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Trump describes Lebanon explosions as "attack," though cause is not yet known

Two explosions rock the city of Beirut, Lebanon
More than 70 killed, 3,000 wounded in Beirut explosions 01:23

President Trump on Tuesday described Tuesday's massive explosions in Beirut, Lebanon,  as an "attack," claiming that U.S. generals he met with seemed to think it was an "attack" of some kind.  It's the first time the horrific incident has been described as an attack — at this point, the Lebanese government isn't describing it as such. Video emerging on social media shows extensive damage and officials said at least 60 people are dead and more than 3,000 injured.

"Well it would seem like it based on the explosion," Mr. Trump said during a news conference. "I met with some of our great generals and they seemed to feel that it was. This was not some kind of a manufacturing explosion type of event. This was a, seems to be, according to them, they would know better than I would, but they seem to think it was an attack. It was a bomb of some kind." 

Abbas Ibrahim, chief of Lebanese General Security, said it might have been caused by highly explosive material that was confiscated from a ship some time ago and stored at the port. Local television channel LBC said the material was sodium nitrate.

As coronavirus continues to plague the U.S., the president has been clear that he wants schools to fully reopen, although as of yet the federal government has provided scant resources and only general guidance on how to do so. A coronavirus relief package still being hammered out on Capitol Hill may contain some assistance for schools.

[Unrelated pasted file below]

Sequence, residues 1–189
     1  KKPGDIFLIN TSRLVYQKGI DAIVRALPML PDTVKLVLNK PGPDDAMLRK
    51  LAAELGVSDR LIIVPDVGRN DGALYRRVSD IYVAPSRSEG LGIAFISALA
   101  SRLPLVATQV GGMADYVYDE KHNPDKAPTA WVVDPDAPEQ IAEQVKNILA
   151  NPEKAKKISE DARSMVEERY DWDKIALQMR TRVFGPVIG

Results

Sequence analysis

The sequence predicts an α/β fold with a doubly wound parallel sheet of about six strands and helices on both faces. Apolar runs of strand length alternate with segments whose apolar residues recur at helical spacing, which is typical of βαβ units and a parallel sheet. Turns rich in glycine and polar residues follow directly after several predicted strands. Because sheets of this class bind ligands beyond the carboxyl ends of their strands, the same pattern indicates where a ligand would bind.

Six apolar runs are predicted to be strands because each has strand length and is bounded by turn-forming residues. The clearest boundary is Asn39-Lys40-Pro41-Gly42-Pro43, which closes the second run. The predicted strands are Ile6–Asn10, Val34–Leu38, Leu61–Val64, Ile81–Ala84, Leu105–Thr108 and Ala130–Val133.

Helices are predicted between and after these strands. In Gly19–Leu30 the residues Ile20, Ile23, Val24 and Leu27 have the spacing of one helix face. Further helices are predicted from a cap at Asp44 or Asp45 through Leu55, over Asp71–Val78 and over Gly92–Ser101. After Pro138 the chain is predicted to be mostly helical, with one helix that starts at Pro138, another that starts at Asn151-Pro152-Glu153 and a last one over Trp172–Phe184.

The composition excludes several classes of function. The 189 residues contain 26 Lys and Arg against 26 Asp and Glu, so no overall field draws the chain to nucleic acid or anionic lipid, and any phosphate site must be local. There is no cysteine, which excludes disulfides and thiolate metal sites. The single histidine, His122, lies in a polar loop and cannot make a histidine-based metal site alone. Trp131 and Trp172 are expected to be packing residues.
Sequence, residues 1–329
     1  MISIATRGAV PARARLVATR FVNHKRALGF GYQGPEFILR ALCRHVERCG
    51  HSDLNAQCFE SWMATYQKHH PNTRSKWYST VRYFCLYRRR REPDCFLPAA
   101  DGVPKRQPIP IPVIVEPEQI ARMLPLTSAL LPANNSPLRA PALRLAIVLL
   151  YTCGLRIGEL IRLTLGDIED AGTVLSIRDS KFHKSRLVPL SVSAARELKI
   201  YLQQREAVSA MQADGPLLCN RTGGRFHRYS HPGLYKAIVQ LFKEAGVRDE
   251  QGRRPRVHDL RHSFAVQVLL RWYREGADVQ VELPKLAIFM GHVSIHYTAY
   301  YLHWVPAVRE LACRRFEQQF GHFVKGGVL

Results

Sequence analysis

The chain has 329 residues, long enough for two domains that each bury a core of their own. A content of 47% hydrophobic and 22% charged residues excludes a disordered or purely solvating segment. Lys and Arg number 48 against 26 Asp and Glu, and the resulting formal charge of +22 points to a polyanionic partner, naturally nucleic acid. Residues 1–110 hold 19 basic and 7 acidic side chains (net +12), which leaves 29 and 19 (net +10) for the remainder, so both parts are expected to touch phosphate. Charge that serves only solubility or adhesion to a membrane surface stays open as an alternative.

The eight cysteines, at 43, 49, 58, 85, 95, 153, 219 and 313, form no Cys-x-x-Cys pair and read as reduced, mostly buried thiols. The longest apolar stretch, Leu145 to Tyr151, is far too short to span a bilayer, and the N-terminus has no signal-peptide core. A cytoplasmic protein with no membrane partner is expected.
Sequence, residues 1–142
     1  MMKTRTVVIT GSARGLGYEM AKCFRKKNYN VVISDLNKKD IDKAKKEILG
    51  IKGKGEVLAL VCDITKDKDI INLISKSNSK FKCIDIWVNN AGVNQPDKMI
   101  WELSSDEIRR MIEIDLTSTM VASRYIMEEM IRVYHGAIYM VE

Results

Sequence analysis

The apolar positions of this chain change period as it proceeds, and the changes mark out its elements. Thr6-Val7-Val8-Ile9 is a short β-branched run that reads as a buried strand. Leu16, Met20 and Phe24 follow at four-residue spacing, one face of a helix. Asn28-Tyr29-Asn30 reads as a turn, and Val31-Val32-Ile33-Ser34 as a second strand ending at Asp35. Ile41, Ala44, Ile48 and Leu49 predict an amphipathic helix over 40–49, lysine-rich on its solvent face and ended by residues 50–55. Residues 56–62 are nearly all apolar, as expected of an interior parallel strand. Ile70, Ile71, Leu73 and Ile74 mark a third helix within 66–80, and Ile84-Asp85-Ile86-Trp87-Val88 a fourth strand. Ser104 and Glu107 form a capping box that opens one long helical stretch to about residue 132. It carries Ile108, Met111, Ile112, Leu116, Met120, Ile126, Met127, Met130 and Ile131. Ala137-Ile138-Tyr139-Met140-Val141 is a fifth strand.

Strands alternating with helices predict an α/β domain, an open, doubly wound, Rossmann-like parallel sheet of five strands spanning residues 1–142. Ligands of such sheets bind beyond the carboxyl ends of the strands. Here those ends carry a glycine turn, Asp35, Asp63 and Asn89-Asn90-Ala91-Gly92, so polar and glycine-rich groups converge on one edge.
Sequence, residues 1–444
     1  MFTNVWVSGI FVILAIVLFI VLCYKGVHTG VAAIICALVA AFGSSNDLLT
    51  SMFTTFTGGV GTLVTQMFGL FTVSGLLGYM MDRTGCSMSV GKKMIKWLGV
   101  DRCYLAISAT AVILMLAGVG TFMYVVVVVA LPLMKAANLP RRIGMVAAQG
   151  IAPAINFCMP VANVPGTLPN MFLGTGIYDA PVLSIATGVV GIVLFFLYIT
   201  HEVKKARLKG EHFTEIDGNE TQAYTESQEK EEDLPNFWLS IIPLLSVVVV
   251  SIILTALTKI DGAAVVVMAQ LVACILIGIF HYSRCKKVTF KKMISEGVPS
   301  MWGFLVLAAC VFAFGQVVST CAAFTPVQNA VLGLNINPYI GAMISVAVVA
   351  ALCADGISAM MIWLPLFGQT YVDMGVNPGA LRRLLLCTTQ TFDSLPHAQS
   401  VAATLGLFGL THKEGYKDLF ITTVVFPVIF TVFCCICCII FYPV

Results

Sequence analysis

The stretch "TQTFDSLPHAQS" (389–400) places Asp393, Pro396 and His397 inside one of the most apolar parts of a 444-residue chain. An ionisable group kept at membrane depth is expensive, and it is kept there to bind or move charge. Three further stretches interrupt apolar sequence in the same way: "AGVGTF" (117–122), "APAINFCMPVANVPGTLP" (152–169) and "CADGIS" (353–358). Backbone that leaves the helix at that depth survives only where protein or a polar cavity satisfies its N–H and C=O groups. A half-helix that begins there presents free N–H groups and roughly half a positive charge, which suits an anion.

"Cases up because of BIG Testing! Much of our Country is doing very well. Open the Schools!" the president tweeted Monday night.

Trump says U.S. coronavirus pandemic is "under control" despite rising death toll 02:05

Meanwhile, the president defended his apparent flip-flip of his position on voting by mail in Florida. In a tweet Tuesday, he declared the system is safe to vote by mail or absentee, as he himself as done. The president has railed against mail-in-voting for weeks, but Florida is a key battleground state that he must win in November. 

Mr. Trump said he has confidence in Florida's leaders, who happen to be Republicans. 

"They're so well run. Florida is a very well run state," Mr. Trump said. 

At his news conference Monday, the president declared that the virus is "receding," even though the recent U.S. death toll often exceeds 1,000 Americans dying of COVID-19 each day, far eclipsing any other country. In an interview with Axios that aired on HBO Monday night, Mr. Trump insisted "I think it's under control."

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